Wood, lovely, lovely wood.
Knowing that your building has lived, has been subject to the same environment as you, that it now serves to enhance (or protect you from) that very environment: it’s emotional. Spheron Architects acknowledge, even foreground that ability of great architecture to trigger memories, communicate feelings and evoke emotions. With offices in both London and Accra, the firm avoids a signature style of recurring visual attributes in its commissions, instead approaching the task of design with a view to instilling buildings with meaning, with human resonance.
Whilst it may be reductive to focus on just one project, the Belarussian Memorial Church designed by Spheron Architects in 2016 is a case in point, evoking tradition, history, spirituality and scale in one swoop. Director Tszwai So explains the ethos.
Can you describe the first moment architecture captured your imagination?
It made me emotional before any reasoning took place, just like art and music, it made me feel human and whole. It was always those unassuming buildings or places that triggered this feeling – like those unpretentious vernacular wooden churches in rural Belarus. They made me want to simply sit down beside them and watch my whole life go by.
How do you judge great architecture?
There was the famous Pevsner definition: ‘architecture has to have an aesthetic appeal.’ But for me, utility is a given, what distinguishes a piece of architecture from simply a building is its emotional appeal, it takes you to an inner beautiful and peaceful place in the absence of words.
Some architects consider light as an intrinsic material in their designs, is this the case in your work?
Light creates atmosphere; it makes materials instantly become tactile, the right lighting can express emotion and relay a message far better than words.
For example, in Urban Hermitage, I wanted to recreate the solitary urban interiors of the early 20th century Copenhagen as depicted by Danish painter Vilhelm Hammershøi. The purpose of installing the translucent curtains was to diffuse the harsh and direct sunlight since the room was facing south, in order to bring out the quality of the subdue blue and grey-themed textures in the room.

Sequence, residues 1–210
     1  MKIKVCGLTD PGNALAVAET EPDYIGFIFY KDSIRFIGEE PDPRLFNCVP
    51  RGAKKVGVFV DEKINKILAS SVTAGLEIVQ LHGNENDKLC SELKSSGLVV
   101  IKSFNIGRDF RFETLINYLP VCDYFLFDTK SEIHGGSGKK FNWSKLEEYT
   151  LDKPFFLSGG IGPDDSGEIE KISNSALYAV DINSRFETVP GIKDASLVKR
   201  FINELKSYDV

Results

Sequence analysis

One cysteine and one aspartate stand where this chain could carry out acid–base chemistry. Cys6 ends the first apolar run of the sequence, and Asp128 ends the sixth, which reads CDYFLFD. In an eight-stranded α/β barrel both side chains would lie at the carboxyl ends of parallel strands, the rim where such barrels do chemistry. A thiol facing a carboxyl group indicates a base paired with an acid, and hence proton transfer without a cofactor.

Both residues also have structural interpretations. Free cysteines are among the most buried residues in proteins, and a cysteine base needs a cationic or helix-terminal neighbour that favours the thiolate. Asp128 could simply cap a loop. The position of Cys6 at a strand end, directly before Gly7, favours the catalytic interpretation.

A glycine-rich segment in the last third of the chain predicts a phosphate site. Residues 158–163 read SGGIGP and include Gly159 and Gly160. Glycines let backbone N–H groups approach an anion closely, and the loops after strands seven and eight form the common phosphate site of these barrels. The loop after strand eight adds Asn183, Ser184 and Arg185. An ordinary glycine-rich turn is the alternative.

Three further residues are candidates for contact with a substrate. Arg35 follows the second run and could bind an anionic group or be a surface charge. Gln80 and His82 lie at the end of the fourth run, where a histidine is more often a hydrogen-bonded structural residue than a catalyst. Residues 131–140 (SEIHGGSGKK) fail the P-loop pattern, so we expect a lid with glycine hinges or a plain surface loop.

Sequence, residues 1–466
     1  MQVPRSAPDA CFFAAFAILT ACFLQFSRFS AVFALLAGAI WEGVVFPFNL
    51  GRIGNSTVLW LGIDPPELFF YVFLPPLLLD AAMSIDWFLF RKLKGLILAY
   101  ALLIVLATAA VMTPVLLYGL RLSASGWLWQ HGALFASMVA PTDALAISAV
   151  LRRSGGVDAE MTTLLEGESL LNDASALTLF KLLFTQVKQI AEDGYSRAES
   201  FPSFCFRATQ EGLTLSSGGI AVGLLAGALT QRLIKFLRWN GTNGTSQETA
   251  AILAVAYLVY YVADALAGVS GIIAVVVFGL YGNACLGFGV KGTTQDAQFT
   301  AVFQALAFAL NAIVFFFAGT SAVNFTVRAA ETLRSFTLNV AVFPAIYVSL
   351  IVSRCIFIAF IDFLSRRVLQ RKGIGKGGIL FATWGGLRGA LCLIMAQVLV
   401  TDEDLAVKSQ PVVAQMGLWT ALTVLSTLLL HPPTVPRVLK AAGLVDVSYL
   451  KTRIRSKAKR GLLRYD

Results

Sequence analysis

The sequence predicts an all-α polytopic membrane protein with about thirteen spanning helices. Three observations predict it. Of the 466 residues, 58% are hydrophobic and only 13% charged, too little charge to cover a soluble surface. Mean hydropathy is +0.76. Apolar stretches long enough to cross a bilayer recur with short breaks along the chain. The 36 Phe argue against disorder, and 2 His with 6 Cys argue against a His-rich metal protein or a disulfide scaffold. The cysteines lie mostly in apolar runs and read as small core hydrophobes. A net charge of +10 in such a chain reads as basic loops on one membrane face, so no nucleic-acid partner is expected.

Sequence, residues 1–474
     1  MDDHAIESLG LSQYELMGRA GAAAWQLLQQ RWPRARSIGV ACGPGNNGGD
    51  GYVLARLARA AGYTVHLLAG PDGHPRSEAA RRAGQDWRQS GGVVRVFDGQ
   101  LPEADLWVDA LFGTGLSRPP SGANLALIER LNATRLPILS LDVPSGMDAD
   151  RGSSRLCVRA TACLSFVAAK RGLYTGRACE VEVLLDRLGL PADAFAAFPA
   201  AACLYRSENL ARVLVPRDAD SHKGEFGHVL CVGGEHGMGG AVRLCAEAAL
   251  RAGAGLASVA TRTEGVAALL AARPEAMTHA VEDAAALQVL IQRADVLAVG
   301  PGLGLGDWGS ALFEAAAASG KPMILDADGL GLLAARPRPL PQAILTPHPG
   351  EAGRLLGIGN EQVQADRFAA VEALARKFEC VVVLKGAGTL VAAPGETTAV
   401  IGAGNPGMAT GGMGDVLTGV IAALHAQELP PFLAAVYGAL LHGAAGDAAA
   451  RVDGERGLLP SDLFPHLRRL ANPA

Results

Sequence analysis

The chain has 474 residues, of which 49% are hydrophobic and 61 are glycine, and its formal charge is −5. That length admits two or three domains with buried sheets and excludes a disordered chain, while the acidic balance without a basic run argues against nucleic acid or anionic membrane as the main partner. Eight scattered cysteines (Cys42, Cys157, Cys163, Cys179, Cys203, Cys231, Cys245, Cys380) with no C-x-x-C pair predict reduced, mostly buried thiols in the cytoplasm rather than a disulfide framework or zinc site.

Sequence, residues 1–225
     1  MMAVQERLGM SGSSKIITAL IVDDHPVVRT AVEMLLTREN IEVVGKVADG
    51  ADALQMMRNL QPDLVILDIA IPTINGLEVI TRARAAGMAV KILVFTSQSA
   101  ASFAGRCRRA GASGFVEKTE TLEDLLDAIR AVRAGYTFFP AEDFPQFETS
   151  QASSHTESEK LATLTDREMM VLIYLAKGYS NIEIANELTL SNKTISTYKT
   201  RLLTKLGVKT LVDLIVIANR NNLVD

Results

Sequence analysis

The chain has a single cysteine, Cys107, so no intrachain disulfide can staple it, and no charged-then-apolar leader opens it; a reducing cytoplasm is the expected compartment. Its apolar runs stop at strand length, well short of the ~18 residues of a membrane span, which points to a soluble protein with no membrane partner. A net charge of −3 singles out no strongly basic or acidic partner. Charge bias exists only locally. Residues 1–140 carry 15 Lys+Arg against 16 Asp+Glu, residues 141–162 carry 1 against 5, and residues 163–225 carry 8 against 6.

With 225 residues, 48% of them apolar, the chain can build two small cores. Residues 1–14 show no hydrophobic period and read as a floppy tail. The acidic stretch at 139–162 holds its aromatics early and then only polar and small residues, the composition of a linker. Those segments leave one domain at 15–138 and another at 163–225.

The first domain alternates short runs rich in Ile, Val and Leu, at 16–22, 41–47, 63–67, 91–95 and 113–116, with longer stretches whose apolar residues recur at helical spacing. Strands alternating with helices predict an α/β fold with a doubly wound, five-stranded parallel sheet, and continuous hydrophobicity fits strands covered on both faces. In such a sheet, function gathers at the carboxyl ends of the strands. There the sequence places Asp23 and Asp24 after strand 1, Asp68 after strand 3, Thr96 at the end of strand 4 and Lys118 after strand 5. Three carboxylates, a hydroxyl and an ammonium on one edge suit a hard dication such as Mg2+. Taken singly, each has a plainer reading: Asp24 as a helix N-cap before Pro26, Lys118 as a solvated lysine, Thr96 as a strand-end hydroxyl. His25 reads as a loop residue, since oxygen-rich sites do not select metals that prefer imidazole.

At the entrance of the Belarusian Memorial Chapel, the whole of the south-facing facade has vertical ribs interspersed with frosted glass, taking advantage of low-angle winter sun to provide beneficial solar heating and at the same time diffusing strong and direct sunlight which is hostile to the religious icons inside.
On the other hand, the lateral walls are enormous slabs of laminated timber with a clerestory window and a band of frosted glazing at the base of the walls, giving the wooden walls the impression of hovering between the two bands of light, belying the initial impression of huge solidity. At night, soft light from within allows the chapel to glow gently, referencing the WWII atrocities committed by the Nazi troops, when Belarusian wooden churches full of people seeking sanctuary were set ablaze.
The full version of this interview will appear in the printed edition of Trebuchet Magazine available to pre-order here.
Image: Joakim Boren